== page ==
Stories about: Chiari Malformation

Our patients’ stories: Treating “all” of Courtney’s headaches

left to right: Alyssa Lebel MD, patient Courtney Macari, Victoria E. Karian, RN, MSN, CPNP, and Lori McDonald-Nolan, RN

School can be hard for any kid, but do you know what it’s like to be in class with really bad headaches that make you want to go home every day, or just not get out of bed? That was my life for some time, until Boston Children’s Hospital helped me get better.

My name is Courtney Macari, and I am 12 years old. When I was only five I had a traumatic brain injury. One day when the whole class was out in the playground, a boy ran into me, bouncing me into the playground slide. When I got up off the ground all of my friends told me that I had a huge bump on the left side of my face. I went to the teacher and told her what had happened, so she sent me to see the nurse. The nurse looked at me and then called my dad, Reggie, to take me to the hospital. At the emergency room the doctors told us that I had a concussion and sent me home. Hours later I had a terrible headache and severe vomiting, so we went back to the emergency room. On that second hospital trip my mom, Nancy, my dad and I were told the worst news—I had a bleed in my brain and needed to be taken in an ambulance to Boston Children’s.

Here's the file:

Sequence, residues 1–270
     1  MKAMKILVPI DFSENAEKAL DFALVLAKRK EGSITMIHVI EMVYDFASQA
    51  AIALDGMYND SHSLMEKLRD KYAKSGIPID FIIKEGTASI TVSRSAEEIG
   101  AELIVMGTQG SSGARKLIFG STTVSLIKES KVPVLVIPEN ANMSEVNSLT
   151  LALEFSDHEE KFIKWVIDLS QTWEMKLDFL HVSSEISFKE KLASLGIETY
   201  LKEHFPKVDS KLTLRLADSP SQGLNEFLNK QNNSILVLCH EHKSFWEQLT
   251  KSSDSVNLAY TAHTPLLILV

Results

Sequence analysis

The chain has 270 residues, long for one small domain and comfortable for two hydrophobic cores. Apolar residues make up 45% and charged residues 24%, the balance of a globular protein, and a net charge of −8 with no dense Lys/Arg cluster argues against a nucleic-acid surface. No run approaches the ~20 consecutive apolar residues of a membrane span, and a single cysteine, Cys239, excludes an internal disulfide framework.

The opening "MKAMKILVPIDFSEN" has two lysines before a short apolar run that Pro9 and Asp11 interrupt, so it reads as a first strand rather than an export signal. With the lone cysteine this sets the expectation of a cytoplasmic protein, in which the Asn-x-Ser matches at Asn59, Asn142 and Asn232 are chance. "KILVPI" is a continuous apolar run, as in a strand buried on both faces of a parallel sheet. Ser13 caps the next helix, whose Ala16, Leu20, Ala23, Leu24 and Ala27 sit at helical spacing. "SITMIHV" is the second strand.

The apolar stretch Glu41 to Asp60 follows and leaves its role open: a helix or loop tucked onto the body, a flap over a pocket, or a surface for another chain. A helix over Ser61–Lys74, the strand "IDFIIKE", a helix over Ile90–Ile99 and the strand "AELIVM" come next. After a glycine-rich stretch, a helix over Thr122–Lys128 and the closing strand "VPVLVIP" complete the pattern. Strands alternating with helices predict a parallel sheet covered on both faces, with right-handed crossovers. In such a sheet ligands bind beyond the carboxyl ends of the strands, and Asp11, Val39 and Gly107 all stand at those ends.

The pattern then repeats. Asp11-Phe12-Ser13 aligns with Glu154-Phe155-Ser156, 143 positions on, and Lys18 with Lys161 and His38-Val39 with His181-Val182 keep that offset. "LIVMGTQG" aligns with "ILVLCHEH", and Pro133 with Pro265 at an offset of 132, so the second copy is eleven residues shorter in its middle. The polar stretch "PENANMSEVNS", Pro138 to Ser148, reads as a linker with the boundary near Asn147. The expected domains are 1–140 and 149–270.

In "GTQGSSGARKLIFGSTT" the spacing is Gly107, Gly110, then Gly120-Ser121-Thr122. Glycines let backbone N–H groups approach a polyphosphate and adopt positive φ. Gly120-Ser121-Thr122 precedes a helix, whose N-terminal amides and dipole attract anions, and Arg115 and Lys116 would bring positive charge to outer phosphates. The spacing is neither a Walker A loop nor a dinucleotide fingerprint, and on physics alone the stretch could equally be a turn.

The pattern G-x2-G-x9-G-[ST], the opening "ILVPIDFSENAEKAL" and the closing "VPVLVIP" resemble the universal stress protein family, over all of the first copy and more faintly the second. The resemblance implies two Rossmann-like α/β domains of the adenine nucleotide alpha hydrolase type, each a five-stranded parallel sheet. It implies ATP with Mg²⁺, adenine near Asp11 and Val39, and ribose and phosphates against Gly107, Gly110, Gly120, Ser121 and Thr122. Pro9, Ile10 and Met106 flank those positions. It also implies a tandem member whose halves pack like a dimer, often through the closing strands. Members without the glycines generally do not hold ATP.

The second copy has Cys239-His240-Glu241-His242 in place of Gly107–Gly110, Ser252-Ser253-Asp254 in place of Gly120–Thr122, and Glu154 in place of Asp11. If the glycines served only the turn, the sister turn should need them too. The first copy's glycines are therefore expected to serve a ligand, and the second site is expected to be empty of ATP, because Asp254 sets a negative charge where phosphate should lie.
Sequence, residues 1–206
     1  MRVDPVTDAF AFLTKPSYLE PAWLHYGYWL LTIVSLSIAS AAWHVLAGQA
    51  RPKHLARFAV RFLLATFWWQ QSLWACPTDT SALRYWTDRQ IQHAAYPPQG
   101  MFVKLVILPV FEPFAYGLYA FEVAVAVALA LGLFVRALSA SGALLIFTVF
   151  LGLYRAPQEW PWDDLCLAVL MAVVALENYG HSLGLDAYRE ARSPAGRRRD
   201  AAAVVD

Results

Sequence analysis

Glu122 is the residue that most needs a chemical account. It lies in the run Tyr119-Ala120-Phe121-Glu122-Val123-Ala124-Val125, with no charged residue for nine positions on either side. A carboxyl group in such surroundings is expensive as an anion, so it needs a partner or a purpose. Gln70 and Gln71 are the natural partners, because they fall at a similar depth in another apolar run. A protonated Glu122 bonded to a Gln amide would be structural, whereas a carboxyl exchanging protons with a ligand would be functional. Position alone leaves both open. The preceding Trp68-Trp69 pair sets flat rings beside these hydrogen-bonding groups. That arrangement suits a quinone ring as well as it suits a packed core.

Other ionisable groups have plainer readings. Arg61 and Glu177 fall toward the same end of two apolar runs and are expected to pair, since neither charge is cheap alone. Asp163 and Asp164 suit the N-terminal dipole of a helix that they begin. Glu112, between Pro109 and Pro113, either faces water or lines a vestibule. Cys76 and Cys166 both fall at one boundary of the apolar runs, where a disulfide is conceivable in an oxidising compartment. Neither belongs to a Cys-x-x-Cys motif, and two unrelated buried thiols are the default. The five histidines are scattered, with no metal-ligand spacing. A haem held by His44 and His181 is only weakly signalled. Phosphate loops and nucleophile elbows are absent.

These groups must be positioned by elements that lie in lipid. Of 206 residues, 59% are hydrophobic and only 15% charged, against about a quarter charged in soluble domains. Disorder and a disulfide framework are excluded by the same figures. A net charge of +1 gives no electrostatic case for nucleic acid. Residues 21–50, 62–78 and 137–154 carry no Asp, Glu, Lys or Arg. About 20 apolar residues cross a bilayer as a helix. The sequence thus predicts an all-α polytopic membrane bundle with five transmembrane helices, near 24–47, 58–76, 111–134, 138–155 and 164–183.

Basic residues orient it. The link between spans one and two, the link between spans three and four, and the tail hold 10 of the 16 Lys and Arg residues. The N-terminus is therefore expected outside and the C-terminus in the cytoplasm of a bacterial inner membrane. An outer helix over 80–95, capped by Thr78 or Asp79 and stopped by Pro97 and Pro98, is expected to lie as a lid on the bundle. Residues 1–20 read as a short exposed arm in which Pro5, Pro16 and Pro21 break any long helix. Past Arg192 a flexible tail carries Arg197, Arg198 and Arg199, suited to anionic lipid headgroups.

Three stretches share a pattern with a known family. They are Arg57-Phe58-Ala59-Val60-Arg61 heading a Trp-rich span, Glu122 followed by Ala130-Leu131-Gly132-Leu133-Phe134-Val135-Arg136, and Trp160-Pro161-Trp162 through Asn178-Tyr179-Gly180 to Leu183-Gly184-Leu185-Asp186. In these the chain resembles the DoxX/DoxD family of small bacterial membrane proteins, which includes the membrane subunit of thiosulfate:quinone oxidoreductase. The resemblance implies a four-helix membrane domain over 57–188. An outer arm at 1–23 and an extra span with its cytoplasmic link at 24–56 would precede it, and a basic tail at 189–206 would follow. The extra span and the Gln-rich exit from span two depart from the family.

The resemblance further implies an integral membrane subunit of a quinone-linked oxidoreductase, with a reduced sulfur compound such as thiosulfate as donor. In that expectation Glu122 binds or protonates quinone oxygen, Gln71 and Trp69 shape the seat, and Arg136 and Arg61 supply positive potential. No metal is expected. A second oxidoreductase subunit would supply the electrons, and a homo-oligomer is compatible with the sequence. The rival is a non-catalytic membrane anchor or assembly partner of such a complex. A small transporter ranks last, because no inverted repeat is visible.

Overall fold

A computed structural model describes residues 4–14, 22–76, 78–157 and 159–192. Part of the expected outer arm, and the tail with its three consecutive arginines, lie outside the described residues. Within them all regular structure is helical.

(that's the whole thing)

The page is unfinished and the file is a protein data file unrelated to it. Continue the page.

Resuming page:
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Clues to Chiari: A family’s search makes all the difference


At 7 months old, Ryan Murphy of Ulster County, NY, was a full-term, healthy, happy baby. He weighed almost 23 pounds—in the 95th percentile for his age.

“Everything was picture perfect until he was around 9 months old,” says his father, Justin. “He was thriving.”

But then things changed. Ryan began having difficulties feeding: He began coughing and choking.

“Over the next few months, it progressively got worse,” recalls his mother, Kerri. “Then solids became a problem. He would gag, throw up, cough.”

But Ryan began losing weight. An ear, nose and throat specialist (ENT) recommended a modified barium swallow test, which showed that Ryan was aspirating liquids into his lungs. Refusing thickened liquids, Ryan could drink only through a low-flow bottle nipple designed for preemies.

Then came an injection of a collagen gel around Ryan’s larynx, on the theory that he might have an abnormal opening in his larynx, a rare condition known as a laryngeal cleft.

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Coping with the stress of a childhood illness

Childhood illness can be difficult on the whole family. Shannon Kaiser, a blogger and mother of two chronically ill children, shares how she and her husband deal with the stress created by their children’s medical conditions.

If you drove by my house while the kids were getting ready for school this morning, it would’ve looked like a scene from an old TV show. Lunches were handed out, good-bye hugs given, and in a blur three of my kids are out the door, laughing and running towards the big yellow school bus at the end of the street.

Seems picture perfect, doesn’t it?

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